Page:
Studies and Reports

UIP FAQ on EU funding and financial framework

The rail freight industry is facing the challenge to provide sustainable, efficient and competitive services. With the ongoing economic instability and changing geopolitical priorities in Europe, the rail operators and infrastructure managers are prioritising their investments and national plans to passenger and high-speed rail services. Yet, in parallel, there is political pressure to increase rail freight transportation and reduce environmental pollution such as noise.

The European Commission and the Rail Sector recognise that freight performance and rail freight competitiveness depend on a number of factors: vehicles that meet the needs of the customer, smart and innovative logistics, flexible transport optimising the exploitation of market segments, and political will and commitment from the Member States to support and secure investments in rail freight.

This Frequently Asked Questions communication aims to provide you with the current overview and clear understanding of the EU Budget figures, EU Programmes supported by EU funds, and funding options for projects of your interest. Simply click on the question of interest and you will be taken to the relevant answer section.

UIP report on Economic Assessment of ECM Certification

Report by UIP Topical Committee Economic Evaluation

In its Final Report “Economic Impact of New Rules and Regulations” (November 2011) UIP identified several cost drivers having significant impact on the wagon Keepers’ business and as such on rail freight competitiveness.

Amongst them, costs for the ECM Certification, required under the Commission Regulation (EU) 445/2011, also known as ECM Regulation, contribute to a considerable part of the increased costs for Wagon Owner / Keepers.

When drafting the Final Report in 2011, UIP assumed that Keepers with less than 1'000 wagons and / or few employees will most likely enter into service agreements with third party ECM rather than undergoing the whole and complex process of certification themselves. Based on these assumptions UIP estimated the average annual costs for ECM Certification as shown below:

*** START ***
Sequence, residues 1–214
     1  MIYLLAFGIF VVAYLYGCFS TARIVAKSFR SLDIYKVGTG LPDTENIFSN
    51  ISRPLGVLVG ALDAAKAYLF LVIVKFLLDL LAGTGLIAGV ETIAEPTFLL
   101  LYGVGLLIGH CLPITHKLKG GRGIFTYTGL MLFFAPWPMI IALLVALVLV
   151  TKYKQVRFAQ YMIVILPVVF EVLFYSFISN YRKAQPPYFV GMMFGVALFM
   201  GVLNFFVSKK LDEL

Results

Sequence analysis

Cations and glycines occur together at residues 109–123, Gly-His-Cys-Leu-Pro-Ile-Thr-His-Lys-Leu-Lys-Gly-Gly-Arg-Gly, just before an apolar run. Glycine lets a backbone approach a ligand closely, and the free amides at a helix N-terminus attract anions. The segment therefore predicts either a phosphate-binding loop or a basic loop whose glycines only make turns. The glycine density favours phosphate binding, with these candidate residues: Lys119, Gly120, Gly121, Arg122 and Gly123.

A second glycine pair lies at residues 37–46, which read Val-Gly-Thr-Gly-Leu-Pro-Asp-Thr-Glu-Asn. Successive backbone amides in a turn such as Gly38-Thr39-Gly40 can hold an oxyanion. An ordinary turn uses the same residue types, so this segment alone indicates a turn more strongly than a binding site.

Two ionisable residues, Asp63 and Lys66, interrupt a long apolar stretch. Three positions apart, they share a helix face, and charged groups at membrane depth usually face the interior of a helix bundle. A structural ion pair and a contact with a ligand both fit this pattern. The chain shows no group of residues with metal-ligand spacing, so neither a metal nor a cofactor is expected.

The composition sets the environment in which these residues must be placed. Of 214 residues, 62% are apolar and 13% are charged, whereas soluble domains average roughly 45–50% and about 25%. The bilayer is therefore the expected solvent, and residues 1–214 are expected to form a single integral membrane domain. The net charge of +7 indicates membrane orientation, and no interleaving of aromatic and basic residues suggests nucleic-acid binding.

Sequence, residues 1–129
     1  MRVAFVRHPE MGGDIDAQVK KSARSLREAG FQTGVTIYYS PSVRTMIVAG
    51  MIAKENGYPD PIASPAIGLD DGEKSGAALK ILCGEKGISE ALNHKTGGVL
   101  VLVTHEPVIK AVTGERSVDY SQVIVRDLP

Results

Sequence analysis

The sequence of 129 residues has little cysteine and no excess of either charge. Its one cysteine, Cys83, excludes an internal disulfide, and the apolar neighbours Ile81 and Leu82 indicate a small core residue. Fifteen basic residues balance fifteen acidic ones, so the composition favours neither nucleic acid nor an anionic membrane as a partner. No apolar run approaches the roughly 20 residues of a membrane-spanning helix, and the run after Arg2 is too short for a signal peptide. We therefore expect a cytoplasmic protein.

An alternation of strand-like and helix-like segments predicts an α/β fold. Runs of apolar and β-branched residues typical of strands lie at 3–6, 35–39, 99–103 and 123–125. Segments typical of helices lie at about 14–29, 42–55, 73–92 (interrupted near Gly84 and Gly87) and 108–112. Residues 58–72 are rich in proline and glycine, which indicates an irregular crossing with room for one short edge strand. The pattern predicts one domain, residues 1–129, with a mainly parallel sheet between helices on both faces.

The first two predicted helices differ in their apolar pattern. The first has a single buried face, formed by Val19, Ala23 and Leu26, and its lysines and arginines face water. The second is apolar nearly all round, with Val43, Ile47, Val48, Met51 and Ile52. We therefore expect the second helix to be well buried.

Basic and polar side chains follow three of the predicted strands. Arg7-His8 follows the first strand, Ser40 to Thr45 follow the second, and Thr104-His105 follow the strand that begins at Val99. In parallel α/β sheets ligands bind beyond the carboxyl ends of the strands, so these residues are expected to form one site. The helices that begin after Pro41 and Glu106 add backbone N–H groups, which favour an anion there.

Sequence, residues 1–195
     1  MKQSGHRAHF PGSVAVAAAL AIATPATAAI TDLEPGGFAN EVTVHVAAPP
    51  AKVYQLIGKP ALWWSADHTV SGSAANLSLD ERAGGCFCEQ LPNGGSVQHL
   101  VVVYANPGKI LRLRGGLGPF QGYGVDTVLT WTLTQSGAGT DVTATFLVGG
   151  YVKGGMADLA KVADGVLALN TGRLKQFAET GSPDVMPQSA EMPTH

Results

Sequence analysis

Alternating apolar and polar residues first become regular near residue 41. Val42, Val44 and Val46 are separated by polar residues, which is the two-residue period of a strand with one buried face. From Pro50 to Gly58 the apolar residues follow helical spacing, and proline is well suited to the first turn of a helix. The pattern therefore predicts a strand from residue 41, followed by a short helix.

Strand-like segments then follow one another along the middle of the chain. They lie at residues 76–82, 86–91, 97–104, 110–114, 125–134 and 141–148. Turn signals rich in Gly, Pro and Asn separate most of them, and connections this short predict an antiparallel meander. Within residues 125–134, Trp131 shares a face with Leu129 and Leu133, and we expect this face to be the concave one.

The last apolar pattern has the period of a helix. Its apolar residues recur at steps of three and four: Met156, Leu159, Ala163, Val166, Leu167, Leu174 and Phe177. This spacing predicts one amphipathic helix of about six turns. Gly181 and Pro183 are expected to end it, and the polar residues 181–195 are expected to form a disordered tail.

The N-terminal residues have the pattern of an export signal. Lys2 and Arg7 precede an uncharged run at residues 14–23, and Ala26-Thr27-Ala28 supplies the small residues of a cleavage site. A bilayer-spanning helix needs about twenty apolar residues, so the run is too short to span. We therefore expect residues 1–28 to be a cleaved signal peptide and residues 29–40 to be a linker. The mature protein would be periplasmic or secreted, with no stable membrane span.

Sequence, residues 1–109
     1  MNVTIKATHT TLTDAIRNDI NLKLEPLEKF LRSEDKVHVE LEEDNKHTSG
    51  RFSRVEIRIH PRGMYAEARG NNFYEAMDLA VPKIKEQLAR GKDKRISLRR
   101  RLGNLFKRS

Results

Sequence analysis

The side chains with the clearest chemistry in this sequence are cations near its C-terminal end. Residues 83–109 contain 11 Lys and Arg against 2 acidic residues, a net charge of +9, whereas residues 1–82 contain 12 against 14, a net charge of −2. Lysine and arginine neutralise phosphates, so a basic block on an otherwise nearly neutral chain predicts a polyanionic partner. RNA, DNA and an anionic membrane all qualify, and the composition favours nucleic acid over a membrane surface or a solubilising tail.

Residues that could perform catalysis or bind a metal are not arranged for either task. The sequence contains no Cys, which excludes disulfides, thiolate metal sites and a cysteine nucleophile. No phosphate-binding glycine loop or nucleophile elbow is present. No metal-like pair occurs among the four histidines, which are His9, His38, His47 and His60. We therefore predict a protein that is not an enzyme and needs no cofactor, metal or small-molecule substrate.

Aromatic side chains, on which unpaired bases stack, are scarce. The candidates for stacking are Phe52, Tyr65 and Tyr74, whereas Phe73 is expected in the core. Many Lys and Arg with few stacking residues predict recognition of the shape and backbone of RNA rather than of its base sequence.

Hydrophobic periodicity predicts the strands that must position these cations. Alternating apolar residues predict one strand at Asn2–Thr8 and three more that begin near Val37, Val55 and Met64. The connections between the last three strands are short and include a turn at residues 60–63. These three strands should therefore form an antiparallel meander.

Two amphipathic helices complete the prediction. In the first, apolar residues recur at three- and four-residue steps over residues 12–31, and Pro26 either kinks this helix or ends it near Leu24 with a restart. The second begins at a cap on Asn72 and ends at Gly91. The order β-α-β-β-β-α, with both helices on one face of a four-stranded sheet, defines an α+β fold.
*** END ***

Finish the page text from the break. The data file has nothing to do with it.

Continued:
• ≥ 1’000 wagons: 78’750 €, i.e. 0,22 € per wagon and day;
  • ≥ 5’000 wagons: 155’875 €, i.e. 0,09 € per wagon and day;
  • ≥10’000 wagons: 233’500 €, i.e. 0,06 € per wagon and day.


UIP study on rail and road safety for accidents caused by technical failures

A comparative study from a competition perspective of mileage-related accidents caused by technical failure in vehicles/rolling stock and resulting in personal injury

 

The present study performs a comparison between the two modes of transport in terms of the number of persons killed as a result of accidents caused by technical failures in vehicles or rolling stock. For the years 2006 to 2010, the average value for rail freight, expressed in terms of tonne-kilometres, is 0.018. This means that in the EU 273 in the years 2006 to 2010, on average 0.018 persons per billion tonne-kilometres (tkm) died as a result of rail freight accidents that had been caused by technical failures in rolling stock. In other words, in the rail freight sector during this period, one person died as a result of a technical failure in rolling stock every 55.5 billion tkm. It is worth noting that during the period covered by this study – i.e. 2006 to 2010– there was only one fatal accident (Viareggio in 2009 with 32 fatalities). Otherwise the calculations would have produced an indicator of zero for rail freight.

By comparison, the figure for corresponding fatalities per billion tonne-kilometres in road freight for the period 2006 to 2010 lies between 0.032 (lower assumption of 1%) and 0.162 (upper assumption of 5%), making it approx. 2 to 9 times as high as for rail freight. Once again, we can express this indicator another way by saying that in road freight one person died as a result of a technical failure in vehicles every 6.2 billion tkm to 31.2 billion tkm.

These indicators show that safety levels in rail freight, measured in terms of accidents caused by a technical failure in rolling stock, are currently very high. The fact that rail freight performs favourably compared with road freight should by no means serve to justify abandoning efforts designed to achieve continual improvements in the safety levels for rail freight. Rail accidents caused by technical failures in rolling stock should be ruled out as far as possible. A question does arise; however, as to how much technical, organisational and financial effort can and should be invested in further improving the already very high level of safety. The higher the cost of additional measures to enhance safety, the more pressing it becomes to answer this question.